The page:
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Iraq Choice: 'Stay Forever' vs. 'Give Us a Plan'

Reported by Judy - June 19, 2006

After Democratic Rep. John Murtha of Pennsylvania on Sunday responded to Karl Rove's attacks on Democrats who have demanded a timetable for removing troops from Iraq, Fox News lept to the Bush administration's defense Monday (June 19, 200) with a lame debate on "Dayside" over whether Democrats have a better plan for Iraq than Bush does.

The situation was a set-up. It assumes, first of all, that the Bush administration has a plan, other than build permanent bases and stay there forever or until the oil runs out or Halliburton milks the treasury dry, whichever comes first.

Bush doesn't have to have a plan, but Democrats should, according to Fox. So Fox falsely frames the debate as "stay the course" versus "cut and run."

"Dayside" co-host Juliet Huddy asked conservative talk radio host Mike Gallagher, "Who has the best strategy for Iraq?" allowing him to to reel off GOP talking points about the Democrats not having a strategy except "lt's rip what we're doing, let's rub the president's nose into the ground every chance we get. ... That's their strategy." Gallagher also attacked Murtha, a decorated veteran, for being "like cranky Uncle Fred at Thanksgiving dinner who won't stop squawking and complaining about the way the world is."

Then Huddy and co-host Mike Jerrick went to Democratic strategy Sascha Burns and asked what the Democratic strategy is. Burns argued that the Bush administration has set plenty of political goals for Iraq, such as the adoption of a constitution and the holding of elections. She asked the perfectly reasonable question: "Why on earth would it be a bad idea to set military goals."

Jerrick then trotted out the old canard about Democrats having voted for the war. (Actually, they voted to authorize the president to use force if he thought it necessary. They did not order the war started, but left it to his judgment, after having received cherry-picked intelligence designed to make the case for war, but Jerrick left that out.)

Then Jerrick quoted from Murtha's book in which he said, "If we cut and run, we give a horrible message to all of our Arab countries in the Middle East," and said that Democrats gave the green light for war, but when it ws crunch time, they want to leave.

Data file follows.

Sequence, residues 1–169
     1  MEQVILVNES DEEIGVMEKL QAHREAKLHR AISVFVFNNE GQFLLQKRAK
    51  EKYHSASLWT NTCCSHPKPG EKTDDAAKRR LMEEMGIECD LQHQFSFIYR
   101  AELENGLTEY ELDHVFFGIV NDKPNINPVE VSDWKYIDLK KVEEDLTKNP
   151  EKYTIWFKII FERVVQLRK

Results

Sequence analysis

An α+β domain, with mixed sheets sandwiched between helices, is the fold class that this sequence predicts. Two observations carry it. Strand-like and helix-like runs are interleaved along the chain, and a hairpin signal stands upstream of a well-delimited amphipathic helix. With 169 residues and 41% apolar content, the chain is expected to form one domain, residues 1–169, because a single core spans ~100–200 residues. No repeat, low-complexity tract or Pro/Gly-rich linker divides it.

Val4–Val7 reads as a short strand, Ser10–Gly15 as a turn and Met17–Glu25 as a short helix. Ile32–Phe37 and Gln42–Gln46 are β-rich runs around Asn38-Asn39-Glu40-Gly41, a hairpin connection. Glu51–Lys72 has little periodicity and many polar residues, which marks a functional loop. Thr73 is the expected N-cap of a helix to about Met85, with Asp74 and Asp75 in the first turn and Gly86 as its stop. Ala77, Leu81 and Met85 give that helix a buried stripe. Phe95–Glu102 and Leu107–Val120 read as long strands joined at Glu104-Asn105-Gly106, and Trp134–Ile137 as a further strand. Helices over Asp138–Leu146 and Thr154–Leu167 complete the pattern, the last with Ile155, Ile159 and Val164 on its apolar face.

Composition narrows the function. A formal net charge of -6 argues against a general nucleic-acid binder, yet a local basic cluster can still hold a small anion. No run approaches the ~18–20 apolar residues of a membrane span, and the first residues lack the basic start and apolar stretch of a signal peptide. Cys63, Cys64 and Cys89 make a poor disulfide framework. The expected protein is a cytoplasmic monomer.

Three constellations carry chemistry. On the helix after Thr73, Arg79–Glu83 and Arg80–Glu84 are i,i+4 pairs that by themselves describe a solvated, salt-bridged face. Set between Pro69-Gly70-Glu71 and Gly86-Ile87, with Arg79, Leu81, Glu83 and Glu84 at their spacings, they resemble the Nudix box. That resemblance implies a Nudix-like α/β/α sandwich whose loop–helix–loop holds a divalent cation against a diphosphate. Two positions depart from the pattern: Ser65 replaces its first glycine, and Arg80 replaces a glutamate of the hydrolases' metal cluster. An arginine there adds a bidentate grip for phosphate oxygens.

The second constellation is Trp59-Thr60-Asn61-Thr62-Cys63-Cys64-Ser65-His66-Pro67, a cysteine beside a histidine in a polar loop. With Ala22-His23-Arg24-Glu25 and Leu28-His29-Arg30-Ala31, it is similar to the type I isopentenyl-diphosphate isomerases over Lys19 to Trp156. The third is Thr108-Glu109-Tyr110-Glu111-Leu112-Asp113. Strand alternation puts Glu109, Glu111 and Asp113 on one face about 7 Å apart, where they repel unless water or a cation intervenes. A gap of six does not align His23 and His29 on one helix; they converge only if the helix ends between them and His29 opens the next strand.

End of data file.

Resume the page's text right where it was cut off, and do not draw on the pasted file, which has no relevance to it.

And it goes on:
Burns insisted that "no one is going to cut and run," but only set military goals so Americans aren't there forever.

Gallagher countered that that was impossible. "I'm sure Osama bin Laden is waiting to find out when the troops are going to withdraw so they can go back in and be even worse the day after the troops go home," he said.

What an ignorant comment. Osama bin Laden in Iraq? Since when? The U.S. invaded Afghanistan looking for Osama bin Laden, not Iraq. Does Gallagher even know the difference? Nothing like lying to the American people, giving the totally false impression that the war in Iraq has something to do with 9/11.

The segment was totally lame. Burns did her best to reframe the terms of the debate away from "stay the course" vs. "cut and run," as all Democrats should attempt to do.

The debate over Iraq is really about "stay forever" versus "give us a plan." Burns is right. If Bush could set political timetables and claim that each time one was met it was some kind of a turning point, why can't he set military goals? Because he doesn't want to. Because he has no desire to bring the troops home. Because Republicans need ongoing, non-stop war in order to justify the billions they want to funnel to defense contractors, to justify the infringements on American freedoms that they have foisted onto us, and to keep the public scared enough that they will accept this state of affairs.

The Bush administration is ignoring the desire of the Iraqi people for Americans to leave. According to the most recent poll of Iraqis, 87 percent of Iraqis asked support their government endorsing a timetable for the U.S. to leave their country -- 87 percent. But 80 percent believe the U.S. has no intention of ever leaving and plan to stay in Iraq permanently even after the situation there is stabilized.

So the issue is not about "cut and run" vs. "stay the course." It's "stay forever" vs. "give us a plan for getting out." It's what the Iraqis want. If we really are there to help the Iraqis, shouldn't we give them what they want?

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